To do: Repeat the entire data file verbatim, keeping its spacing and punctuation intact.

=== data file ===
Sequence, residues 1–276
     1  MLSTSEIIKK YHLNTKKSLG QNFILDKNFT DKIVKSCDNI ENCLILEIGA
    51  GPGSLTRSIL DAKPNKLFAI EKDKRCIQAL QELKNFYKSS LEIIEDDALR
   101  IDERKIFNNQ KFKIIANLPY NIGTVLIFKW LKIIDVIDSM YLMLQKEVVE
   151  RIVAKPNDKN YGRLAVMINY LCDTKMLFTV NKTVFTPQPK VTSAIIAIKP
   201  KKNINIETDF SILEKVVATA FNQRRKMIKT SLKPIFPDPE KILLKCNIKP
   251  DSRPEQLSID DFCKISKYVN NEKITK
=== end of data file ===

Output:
Sequence, residues 1–276
     1  MLSTSEIIKK YHLNTKKSLG QNFILDKNFT DKIVKSCDNI ENCLILEIGA
    51  GPGSLTRSIL DAKPNKLFAI EKDKRCIQAL QELKNFYKSS LEIIEDDALR
   101  IDERKIFNNQ KFKIIANLPY NIGTVLIFKW LKIIDVIDSM YLMLQKEVVE
   151  RIVAKPNDKN YGRLAVMINY LCDTKMLFTV NKTVFTPQPK VTSAIIAIKP
   201  KKNINIETDF SILEKVVATA FNQRRKMIKT SLKPIFPDPE KILLKCNIKP
   251  DSRPEQLSID DFCKISKYVN NEKITK